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Analysis of The Tribunals Reforms (Rationalisation And Conditions Of Service) Ordinance, 2021

The author through this piece of research has tried to highlight the interconnection between the Indian Legal System and the Need of Administrative Tribunals. The Tribunals Reforms (Rationalisation and Conditions of Service) Ordinance, 2021 promulgated by the President of India, has started long standing debates on various issues including the need of specialization of courts and tenure of the judges and members of the tribunals. The author has opted for evaluative and analytical approach towards the proposed bill to encourage the justice delivery system in an efficient manner in order to benefit the citizens of India.

Why Tribunals?

The right to justice is an essential and intrinsic part of the basic structure of the Constitution. According to Cappelletti, Effective access to justice can thus be seen as the most basic requirement - the most basic human right of a system purports to guarantee legal rights.[1] With large number of cases that are filled, huge pendency in the High Courts and in the subordinate Courts giving rise to a general public opinion that the Court proceedings are time-consuming and costly, more so at the High Court level. Whereas, the Tribunal resolve disputes in less time and in a cost-effective manner, creating a constructive atmosphere for the establishment of Tribunals.

In accordance with the recommendations of the Swaran Singh Committee, Part XIV-A titled as ‘Tribunals’ was added in the Constitution (Forty-second Amendment) Act, 1976, which entailed the formation of ‘Administrative Tribunals’ under Article 323-A and ‘Tribunals for other matters’ under Article 323-B.

The Supreme Court has held that the Tribunals are not an end in themselves but a means to an end; even if the laudable objectives of speedy justice, uniformity of approach, predictability of decisions and specialist justice are to be achieved, the framework of the Tribunals intended to be set up, to attain them it is essential to retain the basic judicial character so as to inspire public confidence.[2]

A Five-Judge bench of the Apex Court elucidated regarding the judicial character of the Tribunals. It discussed that Special Matters are assigned to them for adjudication. Both courts and tribunals are established by the State and are entrusted with judicial functions differentiated into purely administrative or executive duties. The courts are bound to follow prescribed procedure laid down by law but the tribunals are not restricted to them, they have the convenience of pronouncing the judgment according to the technicality and circumstances of each case.[3]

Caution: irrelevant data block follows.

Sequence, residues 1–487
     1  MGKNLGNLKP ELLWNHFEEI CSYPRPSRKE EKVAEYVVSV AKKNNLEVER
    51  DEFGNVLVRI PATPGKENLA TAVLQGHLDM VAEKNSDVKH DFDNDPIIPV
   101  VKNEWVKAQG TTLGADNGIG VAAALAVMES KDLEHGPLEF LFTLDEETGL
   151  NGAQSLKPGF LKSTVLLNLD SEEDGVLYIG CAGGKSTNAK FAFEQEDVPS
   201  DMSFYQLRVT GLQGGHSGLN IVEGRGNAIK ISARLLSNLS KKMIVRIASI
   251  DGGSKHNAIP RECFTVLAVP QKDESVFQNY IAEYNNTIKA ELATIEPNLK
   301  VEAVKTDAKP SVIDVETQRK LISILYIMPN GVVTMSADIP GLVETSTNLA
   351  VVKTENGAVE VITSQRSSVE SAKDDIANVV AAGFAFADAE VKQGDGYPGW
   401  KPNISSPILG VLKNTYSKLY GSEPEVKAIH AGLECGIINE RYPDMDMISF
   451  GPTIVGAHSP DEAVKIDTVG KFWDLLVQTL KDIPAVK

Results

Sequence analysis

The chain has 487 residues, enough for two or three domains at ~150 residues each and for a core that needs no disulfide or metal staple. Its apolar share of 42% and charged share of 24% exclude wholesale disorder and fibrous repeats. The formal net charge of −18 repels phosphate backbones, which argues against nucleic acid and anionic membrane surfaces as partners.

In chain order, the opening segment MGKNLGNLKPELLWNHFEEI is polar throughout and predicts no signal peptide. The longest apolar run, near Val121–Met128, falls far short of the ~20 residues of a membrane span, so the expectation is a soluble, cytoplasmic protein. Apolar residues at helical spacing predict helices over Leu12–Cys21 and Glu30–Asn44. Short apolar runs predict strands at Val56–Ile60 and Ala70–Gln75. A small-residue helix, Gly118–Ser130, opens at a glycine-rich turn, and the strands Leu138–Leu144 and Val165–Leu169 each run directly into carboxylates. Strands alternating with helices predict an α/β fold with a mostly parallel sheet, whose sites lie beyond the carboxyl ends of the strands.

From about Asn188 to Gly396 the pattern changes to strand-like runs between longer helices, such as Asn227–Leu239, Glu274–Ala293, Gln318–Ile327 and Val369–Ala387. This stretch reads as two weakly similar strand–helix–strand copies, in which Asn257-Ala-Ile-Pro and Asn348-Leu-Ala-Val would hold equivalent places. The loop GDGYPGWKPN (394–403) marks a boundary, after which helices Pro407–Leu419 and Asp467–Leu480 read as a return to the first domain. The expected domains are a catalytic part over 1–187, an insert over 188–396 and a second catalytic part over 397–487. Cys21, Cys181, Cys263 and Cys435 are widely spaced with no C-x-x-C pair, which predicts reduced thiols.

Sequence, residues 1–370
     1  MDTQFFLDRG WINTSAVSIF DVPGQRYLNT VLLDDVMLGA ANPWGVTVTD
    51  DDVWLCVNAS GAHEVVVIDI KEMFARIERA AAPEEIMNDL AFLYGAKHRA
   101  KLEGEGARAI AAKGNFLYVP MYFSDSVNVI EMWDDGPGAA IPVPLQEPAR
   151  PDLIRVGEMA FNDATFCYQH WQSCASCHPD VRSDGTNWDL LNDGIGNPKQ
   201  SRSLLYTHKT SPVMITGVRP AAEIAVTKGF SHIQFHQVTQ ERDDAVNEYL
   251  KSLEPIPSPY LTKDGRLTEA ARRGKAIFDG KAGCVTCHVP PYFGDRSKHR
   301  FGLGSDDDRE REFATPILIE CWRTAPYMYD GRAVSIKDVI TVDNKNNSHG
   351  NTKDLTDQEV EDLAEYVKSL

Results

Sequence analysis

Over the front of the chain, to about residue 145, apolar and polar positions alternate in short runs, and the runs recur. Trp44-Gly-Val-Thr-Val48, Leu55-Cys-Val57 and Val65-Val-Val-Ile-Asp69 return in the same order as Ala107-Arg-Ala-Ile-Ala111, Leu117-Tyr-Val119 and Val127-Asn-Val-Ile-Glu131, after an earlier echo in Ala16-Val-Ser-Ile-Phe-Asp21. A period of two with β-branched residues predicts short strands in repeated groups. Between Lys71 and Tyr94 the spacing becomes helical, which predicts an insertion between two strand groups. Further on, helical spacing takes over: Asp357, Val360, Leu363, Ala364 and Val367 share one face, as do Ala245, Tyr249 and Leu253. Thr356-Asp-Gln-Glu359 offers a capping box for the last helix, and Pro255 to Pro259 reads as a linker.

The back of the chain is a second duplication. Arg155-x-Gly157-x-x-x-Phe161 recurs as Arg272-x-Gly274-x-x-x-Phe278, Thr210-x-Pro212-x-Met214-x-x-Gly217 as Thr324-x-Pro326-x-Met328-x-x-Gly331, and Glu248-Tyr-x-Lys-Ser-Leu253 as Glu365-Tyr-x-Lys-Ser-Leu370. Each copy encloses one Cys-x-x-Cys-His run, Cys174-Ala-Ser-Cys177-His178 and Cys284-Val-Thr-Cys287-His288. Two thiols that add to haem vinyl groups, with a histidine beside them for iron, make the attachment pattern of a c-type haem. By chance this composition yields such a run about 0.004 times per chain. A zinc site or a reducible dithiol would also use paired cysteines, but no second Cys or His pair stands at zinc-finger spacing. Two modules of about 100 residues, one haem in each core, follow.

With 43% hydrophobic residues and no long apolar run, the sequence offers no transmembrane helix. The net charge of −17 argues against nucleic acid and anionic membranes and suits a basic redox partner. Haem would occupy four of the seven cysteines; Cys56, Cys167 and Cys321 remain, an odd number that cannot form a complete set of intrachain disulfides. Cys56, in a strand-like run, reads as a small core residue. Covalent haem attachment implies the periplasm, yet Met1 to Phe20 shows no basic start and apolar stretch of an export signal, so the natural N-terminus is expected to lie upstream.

Proposition of Reforms

It was in the year 2016 that the Law Commission of India was made a reference by the Apex Court of India to study and submit a report circumscribing several issues in relation to the Tribunals in India.[4]

The 272nd Law Commission Report (2017) proposed certain imperative changes which were made keeping in mind the objective of establishments and procedure of the Tribunals in India. Ensuing are the proposed imperative changes formulated by the Commission:
  1. In order to provide easy Access to Justice to citizens belonging to diversified geographical areas, Tribunals must have benches in different parts of the country
  2. Qualification of Judges of the Tribunals should be akin to the Judges of High Court.
  3. Appointment, service conditions, and tenure of the Judges, Chairman, Vice Chairman, and Members should be in a uniform and independent manner.
  4. With the aim to ensure uniformity in affairs of all the Tribunals, the Ministry of Law and Justice, a single nodal agency, should be made responsible to monitor the working of the Tribunals.
The above mentioned changes contemplated the need to bring down the pendency of cases before the higher courts, escalate the efficiency of the Tribunals and to deliver justice accessibly to the citizens of India. These proposed imperative changes have been appreciated but unfortunately could not have been implemented in actuality.

Tribunals superseding or substituting the High Courts?

The objective of establishment of Tribunals primarily were to surpass the major lacuna prevailing in the Indian legal system in the purview of the legal maxim Lex Dilationes Semper Exhorret meaning the law always abhors delays. The Tribunals were never established to supersede the powers of High Courts.